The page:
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Marketplace
Workplace Culture

More and more workers are taking advantage of informal activism

Meghan McCarty Carino Nov 8, 2019
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Scott Olson/Getty Images

Former WeWork chief executive and co-founder Adam Neumann walked away with a $1.7 billion payout when he was forced out of the company. Now, ahead of the planned layoffs of thousands of workers, WeWork employees are organizing to make demands of management.

In a letter to the “We Company Management Team,” workers called on the company to treat laid-off workers “with humanity and dignity,” and to give employees more of a say in the decisions of the company. Roughly 500 employees joined a Slack chat channel dedicated to organizing in the same spirit.

It’s part of a growing trend of employee activism happening outside the traditional channel of unionized collective bargaining. About a year ago this week, thousands of Google employees in dozens of locations around the world walked off the job to protest the company’s handling of sexual harassment complaints.

Since, we’ve seen protests at online retailer Wayfair over selling furniture to migrant detention centers, and at Amazon over its climate policies.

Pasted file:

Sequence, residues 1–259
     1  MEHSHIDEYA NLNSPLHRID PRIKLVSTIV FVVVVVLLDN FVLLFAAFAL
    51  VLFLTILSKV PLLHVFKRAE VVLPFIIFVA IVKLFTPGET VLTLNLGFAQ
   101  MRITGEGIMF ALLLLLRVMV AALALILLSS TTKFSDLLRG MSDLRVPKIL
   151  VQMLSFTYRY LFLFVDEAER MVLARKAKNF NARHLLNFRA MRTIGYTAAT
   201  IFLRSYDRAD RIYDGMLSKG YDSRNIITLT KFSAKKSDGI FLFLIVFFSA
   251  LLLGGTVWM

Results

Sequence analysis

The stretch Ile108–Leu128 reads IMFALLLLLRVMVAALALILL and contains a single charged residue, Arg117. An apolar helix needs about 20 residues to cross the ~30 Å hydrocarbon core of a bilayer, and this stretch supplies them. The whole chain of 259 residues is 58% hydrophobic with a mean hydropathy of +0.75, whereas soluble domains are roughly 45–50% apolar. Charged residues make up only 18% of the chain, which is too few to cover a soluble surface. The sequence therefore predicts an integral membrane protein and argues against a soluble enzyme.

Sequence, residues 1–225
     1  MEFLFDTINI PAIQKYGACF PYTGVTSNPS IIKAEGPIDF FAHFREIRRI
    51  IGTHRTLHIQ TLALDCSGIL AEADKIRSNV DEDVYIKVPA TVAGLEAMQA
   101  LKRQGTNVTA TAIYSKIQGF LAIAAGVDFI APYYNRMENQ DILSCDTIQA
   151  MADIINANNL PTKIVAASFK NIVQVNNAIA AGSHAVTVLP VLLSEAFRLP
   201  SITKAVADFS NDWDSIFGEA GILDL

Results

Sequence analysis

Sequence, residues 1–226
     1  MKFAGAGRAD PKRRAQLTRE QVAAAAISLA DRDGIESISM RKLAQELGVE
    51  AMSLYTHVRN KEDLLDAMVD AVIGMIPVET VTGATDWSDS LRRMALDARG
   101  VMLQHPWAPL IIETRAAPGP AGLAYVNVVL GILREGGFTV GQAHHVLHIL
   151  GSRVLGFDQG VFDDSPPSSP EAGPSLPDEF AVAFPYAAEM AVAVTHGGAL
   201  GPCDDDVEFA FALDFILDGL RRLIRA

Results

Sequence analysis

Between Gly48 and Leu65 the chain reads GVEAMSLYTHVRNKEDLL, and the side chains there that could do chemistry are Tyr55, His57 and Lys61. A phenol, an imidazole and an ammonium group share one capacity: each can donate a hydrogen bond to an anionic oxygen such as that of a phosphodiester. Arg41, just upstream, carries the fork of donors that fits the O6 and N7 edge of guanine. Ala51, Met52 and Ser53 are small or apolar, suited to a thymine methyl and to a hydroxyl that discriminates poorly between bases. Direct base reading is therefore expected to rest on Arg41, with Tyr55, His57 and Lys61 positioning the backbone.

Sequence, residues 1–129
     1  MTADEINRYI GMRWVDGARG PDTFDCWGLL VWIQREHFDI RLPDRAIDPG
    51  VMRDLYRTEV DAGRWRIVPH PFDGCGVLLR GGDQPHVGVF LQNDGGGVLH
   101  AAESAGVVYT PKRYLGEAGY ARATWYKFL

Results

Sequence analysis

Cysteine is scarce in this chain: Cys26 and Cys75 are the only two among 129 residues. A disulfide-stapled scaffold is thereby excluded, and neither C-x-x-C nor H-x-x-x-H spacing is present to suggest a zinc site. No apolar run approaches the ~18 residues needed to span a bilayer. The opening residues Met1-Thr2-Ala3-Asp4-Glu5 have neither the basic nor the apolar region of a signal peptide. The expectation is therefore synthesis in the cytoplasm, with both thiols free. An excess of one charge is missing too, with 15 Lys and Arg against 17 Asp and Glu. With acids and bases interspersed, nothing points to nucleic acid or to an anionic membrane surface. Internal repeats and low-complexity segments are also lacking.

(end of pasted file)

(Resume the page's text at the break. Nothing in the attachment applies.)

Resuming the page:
According to Michelle Miller, co-founder of Coworker.org — a non-profit that helps workers organize online — this trend of informal worker activism is spreading.

“We’re seeing that across multiple sectors, multiple classes of people, multiple kinds of jobs,” she said.

Coworker has helped workers from baristas to grocery clerks demand change on matters as varied as family leave policies and workplace tattoo or beard bans.

“Workers are saying: ‘Look, we’re just going to take action ourselves. We’re going to use social media to organize, and we see that that has an impact,'” said Thomas Kochan, a professor of work and employment research at MIT.

In surveys of thousands of workers, Kochan found that the majority say they want more of a voice on a variety of labor issues and express interest in joining a union.

According to Sharon Block, executive director of the labor and worklife program at Harvard Law School, informal actions like WeWork’s have the potential to address issues more quickly than formal union bargaining.

“It’s understandable that workers want a process that’s more agile and can be more responsive to their needs in the moment,” she said.

Forming a union to bargain with an employer may be a years-long process but, Block added, union bargaining does have the advantage of making it legally binding for the employer to come to the negotiating table.

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